4.1 Qualitative research 149

4.2 Participants 150

4.3 The need for multiple measures of vocabulary 152

4.4 The need for longitudinal studies and delayed posttests 155

4.5 Selection of target lexical items 158

4.6 Sample size of lexical items 164

4.7 Interpreting and reporting results 166

5 Measuring Vocabulary 173

5.1 Global measurement issues 173

5.1.1 Issues in writing vocabulary items 174

5.1.2 Determining pre-existing vocabulary knowledge 179

5.1.3 Validity and reliability of lexical measurement 181

5.1.4 Placing cut-points in study 187

5.2 Measuring vocabulary size 187

5.2.1 Units of counting vocabulary 188

5.2.2 Sampling from dictionaries or other references 193

5.2.3 Recognition/receptive vocabulary size measures 196

5.2.4 Recall/productive vocabulary size measures 203

5.3 Measuring the quality (depth) of vocabulary knowledge 216

5.3.1 Developmental approach 217

5.3.2 Dimensions (components) approach 224

5.4 Measuring automaticity/speed of processing 242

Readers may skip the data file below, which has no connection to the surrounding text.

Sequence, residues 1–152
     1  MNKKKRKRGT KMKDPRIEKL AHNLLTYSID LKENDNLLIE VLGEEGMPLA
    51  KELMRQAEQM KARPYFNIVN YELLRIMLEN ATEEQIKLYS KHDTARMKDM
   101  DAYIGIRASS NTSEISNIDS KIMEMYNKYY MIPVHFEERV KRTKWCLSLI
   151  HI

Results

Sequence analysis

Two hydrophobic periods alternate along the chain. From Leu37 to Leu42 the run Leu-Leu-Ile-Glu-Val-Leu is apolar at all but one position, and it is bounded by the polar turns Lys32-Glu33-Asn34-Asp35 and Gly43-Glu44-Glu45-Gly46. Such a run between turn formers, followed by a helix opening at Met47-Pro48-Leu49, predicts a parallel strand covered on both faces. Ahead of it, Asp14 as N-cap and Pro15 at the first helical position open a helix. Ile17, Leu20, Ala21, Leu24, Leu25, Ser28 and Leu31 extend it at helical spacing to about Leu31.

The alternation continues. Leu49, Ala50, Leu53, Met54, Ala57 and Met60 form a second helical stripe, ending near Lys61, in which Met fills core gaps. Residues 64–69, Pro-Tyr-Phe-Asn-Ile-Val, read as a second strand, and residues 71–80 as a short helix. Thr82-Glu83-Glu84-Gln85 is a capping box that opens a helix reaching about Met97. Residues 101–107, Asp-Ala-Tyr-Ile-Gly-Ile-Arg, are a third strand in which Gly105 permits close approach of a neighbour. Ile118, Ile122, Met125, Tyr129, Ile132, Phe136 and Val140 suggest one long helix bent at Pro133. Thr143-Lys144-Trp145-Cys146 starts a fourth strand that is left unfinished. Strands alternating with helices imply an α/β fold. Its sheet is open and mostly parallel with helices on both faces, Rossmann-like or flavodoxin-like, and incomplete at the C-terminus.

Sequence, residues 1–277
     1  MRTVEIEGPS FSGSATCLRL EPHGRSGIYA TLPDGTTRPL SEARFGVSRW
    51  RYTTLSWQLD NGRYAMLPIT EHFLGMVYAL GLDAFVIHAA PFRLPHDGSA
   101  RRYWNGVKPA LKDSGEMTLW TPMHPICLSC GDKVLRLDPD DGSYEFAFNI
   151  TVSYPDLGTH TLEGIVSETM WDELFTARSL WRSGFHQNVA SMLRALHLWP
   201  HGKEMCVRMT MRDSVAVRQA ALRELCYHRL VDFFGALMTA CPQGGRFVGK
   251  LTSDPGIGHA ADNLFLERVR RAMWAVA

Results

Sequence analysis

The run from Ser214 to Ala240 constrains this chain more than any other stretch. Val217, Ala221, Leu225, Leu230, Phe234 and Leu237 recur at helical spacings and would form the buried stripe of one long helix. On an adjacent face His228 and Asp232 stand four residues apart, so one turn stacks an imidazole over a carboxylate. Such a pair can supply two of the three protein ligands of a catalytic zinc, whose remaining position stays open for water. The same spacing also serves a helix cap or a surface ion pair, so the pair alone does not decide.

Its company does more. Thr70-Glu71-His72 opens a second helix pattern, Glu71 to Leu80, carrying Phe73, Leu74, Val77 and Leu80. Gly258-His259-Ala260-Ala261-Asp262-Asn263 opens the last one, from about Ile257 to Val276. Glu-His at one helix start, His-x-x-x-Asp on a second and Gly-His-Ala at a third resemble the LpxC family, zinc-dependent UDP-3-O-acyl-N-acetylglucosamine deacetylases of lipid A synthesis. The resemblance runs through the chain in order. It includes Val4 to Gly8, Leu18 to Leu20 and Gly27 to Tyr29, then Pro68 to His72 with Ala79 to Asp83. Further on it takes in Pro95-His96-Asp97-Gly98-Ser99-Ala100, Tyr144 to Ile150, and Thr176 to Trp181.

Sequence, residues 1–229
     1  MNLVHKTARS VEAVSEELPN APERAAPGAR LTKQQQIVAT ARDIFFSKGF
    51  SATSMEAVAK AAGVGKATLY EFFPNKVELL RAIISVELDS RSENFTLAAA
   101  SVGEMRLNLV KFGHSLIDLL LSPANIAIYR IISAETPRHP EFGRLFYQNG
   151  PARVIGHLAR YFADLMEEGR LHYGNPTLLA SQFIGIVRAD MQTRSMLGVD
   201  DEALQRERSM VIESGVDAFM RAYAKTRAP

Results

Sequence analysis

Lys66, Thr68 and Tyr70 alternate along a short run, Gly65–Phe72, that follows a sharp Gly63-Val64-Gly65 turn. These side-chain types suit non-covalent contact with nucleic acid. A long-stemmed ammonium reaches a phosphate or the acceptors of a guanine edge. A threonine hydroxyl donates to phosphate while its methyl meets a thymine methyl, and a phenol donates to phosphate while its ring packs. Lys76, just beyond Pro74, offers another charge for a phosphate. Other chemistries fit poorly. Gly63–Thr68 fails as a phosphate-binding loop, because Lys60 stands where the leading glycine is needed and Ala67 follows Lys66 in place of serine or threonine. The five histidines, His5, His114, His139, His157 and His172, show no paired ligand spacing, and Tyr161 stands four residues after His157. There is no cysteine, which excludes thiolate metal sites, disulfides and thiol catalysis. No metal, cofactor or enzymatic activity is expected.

5.5 Measuring organization 247

5.6 Measuring attrition and degrees of residual lexical retention 256

6 Example Research Projects 260

Part 4 Resources

7 Vocabulary resources 279

7.1 Instruments 279

7.1.1 Vocabulary levels test 279

7.1.2 Vocabulary size test 293

7.1.3 Meara's_lognostics measurement instruments 306

7.2 Corpora 307

7.2.1 Corpora representing general English (mainly written) 309

7.2.2 Corpora representing spoken English 320

7.2.3 Corpora representing national varieties of English 323

7.2.4 Corpora representing academic/business English 324

7.2.5 Corpora representing young native English 325

7.2.6 Corpora representing learner English 325

7.2.7 Corpora representing languages other than English 326

7.2.7.1 Parallel corpora 326

7.2.7.2 Monolingual corpora 327

7.2.8 Corpus compilations 331

7.2.9 Web-based sources of corpora 333

7.2.10 Bibliographies concerning corpora 335

7.3 Concordancers/tools 335

7.4 Vocabulary lists 345

7.5 Websites 347

7.6 Bibliographies 351

7.7 Important personalities in the field of vocabulary studies 352

Notes 359

References 362

Index 385